Posted by on February 19, 2016

The South Carolina primary, scheduled for this Saturday, is shaping up to be a pivotal event in the GOP nomination.  There is a very good chance that this vote will produce the winnowing of the field that will mark the beginning of the end of the Donald Trump phenomenon.

As I have mentioned before, Trump has a hard core of supporters of about 6-8% of the US population, equal to, and probably 100% overlapping with, the part of the population that believes the moon landings were faked.  When the GOP field was 17 candidates, this looney core loomed large.

But the field is now down to six and, after this weekend, there is a very good chance that it will drop to three: Trump, Rubio and Cruz.  Carson, Kasich and Bush are trailing in the polls.  Unless one of them pulls off a major surprise, all three will likely succumb to huge pressure from the Republican Party and their donors to disappear so that the non-Trump vote can coalesce around Rubio or Cruz.  Because, as the latest Wall Street Journal/NBC News poll shows, Trump loses by double-digit margins to either of these candidates mano a mano.  And every day that Trump continues to drag the GOP down to his level is a day closer to an ultimate Republican Party loss in the general election.

Fortunately, the party is getting help in this battle from its greatest ally: Trump himself.  I did not see the Republican Party debate in South Carolina but I have seen these clips – you can’t really call them “highlights” – from CNN.  The one constant in each of them is Trump running his mouth, usually interrupting someone and invariably spouting nonsense, including, most egregiously and recklessly, the claim that George W. Bush lied about Iraqi weapons of mass destruction.[1]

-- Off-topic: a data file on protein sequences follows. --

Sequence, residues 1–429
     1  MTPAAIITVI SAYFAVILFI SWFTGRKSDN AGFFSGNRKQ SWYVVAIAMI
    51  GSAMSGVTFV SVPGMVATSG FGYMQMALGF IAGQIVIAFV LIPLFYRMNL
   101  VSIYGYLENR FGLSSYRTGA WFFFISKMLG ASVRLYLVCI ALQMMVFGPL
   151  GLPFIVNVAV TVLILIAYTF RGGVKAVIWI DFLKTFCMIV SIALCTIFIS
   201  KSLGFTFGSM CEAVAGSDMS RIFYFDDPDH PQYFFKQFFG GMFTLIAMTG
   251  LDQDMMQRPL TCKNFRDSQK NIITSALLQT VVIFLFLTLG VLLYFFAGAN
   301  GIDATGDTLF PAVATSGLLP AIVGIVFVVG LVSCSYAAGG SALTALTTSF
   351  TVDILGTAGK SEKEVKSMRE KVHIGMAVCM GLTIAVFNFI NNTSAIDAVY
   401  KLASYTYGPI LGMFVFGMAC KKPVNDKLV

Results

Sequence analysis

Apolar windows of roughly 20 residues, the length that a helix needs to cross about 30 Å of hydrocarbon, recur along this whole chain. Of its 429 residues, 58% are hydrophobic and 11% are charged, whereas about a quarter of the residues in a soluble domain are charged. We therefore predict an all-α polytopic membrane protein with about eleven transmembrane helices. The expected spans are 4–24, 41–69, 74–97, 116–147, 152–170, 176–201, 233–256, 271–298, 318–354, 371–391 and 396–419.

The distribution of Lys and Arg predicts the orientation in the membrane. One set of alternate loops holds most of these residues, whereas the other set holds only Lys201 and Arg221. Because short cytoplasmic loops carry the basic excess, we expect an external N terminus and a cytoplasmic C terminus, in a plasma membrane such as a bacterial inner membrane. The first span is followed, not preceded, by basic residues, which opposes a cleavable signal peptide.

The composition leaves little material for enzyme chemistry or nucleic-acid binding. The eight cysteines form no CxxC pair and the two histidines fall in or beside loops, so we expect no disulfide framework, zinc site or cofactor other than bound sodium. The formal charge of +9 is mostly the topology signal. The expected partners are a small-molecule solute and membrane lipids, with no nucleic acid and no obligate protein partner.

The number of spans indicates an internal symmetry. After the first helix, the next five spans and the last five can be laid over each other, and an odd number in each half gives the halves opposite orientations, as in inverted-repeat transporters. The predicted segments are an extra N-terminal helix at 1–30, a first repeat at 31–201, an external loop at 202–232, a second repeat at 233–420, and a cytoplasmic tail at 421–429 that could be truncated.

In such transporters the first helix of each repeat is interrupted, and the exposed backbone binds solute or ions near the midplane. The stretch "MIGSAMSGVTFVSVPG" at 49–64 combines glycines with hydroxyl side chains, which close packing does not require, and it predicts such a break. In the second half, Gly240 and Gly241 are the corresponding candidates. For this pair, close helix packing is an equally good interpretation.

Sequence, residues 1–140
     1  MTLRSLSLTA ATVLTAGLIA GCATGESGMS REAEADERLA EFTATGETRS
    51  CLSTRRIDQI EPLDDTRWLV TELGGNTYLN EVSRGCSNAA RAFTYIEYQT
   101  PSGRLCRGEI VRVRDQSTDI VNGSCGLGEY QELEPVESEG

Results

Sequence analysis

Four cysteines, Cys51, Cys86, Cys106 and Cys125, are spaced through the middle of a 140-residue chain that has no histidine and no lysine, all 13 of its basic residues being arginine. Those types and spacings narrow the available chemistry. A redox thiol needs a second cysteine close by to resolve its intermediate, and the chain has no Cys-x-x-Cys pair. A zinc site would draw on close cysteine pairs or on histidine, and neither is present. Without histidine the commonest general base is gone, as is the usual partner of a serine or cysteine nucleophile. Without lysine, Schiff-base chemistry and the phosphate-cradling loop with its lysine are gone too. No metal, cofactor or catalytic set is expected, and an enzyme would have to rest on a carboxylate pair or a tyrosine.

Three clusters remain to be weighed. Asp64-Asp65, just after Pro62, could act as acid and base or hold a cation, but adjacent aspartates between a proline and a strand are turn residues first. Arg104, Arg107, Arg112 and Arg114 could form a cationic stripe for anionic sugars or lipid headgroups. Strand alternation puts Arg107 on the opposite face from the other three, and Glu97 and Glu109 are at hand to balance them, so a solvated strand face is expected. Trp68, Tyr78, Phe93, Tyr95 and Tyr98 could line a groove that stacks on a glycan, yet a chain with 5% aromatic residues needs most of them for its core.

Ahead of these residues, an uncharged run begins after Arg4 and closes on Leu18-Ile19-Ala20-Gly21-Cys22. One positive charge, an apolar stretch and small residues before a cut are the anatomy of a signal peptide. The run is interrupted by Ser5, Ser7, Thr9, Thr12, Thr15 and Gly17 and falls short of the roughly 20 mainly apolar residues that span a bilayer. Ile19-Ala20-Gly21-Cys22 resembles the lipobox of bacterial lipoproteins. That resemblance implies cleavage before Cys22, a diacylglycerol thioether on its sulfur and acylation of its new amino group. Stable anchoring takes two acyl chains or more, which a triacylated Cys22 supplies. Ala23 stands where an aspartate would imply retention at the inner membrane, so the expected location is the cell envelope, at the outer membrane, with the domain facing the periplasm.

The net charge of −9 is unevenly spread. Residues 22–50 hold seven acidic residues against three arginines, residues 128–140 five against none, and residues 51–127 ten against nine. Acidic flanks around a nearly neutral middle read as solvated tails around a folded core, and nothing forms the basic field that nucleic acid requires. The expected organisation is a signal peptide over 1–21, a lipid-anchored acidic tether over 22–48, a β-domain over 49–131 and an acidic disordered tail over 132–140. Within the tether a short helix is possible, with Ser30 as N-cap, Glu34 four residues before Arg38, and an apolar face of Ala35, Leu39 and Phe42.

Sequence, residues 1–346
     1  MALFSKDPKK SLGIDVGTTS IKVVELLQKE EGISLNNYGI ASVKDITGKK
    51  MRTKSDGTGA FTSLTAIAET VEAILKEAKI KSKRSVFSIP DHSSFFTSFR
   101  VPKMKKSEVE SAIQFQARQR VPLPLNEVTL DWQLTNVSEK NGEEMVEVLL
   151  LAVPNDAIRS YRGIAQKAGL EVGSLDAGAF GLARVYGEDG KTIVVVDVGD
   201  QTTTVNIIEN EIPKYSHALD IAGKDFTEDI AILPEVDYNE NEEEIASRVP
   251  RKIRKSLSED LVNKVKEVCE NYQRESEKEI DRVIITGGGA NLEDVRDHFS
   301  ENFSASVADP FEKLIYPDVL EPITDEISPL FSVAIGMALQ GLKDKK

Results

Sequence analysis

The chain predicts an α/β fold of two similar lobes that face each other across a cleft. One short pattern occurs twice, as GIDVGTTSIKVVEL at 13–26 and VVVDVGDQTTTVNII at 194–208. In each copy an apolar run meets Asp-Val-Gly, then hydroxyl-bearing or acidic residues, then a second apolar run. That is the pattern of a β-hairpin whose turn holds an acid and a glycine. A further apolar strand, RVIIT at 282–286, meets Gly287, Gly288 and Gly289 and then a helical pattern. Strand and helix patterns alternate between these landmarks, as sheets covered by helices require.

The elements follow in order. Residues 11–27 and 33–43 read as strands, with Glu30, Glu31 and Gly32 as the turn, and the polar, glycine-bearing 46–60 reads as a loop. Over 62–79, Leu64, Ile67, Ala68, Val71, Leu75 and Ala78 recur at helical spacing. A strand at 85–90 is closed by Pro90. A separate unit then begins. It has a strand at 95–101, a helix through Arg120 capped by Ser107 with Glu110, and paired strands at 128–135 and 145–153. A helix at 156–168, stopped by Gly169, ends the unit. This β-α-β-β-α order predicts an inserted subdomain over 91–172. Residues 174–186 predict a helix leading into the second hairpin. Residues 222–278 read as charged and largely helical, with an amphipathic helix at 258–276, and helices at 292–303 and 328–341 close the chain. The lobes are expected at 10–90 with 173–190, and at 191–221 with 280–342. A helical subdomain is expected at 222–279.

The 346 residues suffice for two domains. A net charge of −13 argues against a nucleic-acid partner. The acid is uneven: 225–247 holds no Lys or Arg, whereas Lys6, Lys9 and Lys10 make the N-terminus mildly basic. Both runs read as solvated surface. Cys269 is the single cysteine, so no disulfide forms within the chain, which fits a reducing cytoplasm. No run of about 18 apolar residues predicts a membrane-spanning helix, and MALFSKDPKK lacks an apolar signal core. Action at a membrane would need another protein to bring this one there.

The only word for Trump’s performance in this debate is “obnoxious.”  I am not the only one to come to this conclusion.  Here is The Economist on the debate:

Considering Mr Trump’s lead in opinion polls, which naturally he touted, spreading his calumnies so wildly seems needlessly risky. Perhaps, beneath the bragging, he feels threatened. Or he may simply be unhinged.

The “unhinged” explanation gets my vote.  The definition of mental illness for me has always been someone who acts against his own interests, but who can’t help it.  The recent WSJ/NBC poll shows that Trump falls into this category.   After his debate performance, his numbers dropped by seven percentage points, losing his leadership for the first time in a long time.

The US Constitution requires that a president must be at least 35 years old.  Trump is threatening to sue Ted Cruz over his Canadian birth, reprising his justly ridiculed attacks on Obama’s birth certificate.  Trump better watch out or someone will sue to extend the Constitutional limit to the mental field.  You can’t consistently act like a 8-year old and expect to be president.

Justice Scalia R.I.P.

I have already sent around a great BloombergView article by Megan McArdle on the fight over the Scalia replacement.  The article begs for an end to the politicized judiciary.  McArdle was too polite to assign blame for this.  But I’m not.  And neither is the Wall Street Journal.

As I pointed out a long time ago, the four Democratic nominees to the Supreme Court can be counted on to toe the party line and vote in unison.  The Republican nominees, conversely, scatter their votes, proving that they strive for a legal conclusion rather than a political one.  The Wall Street Journal has also noticed this pattern.  Here is how an editorial in yesterday’s paper put it: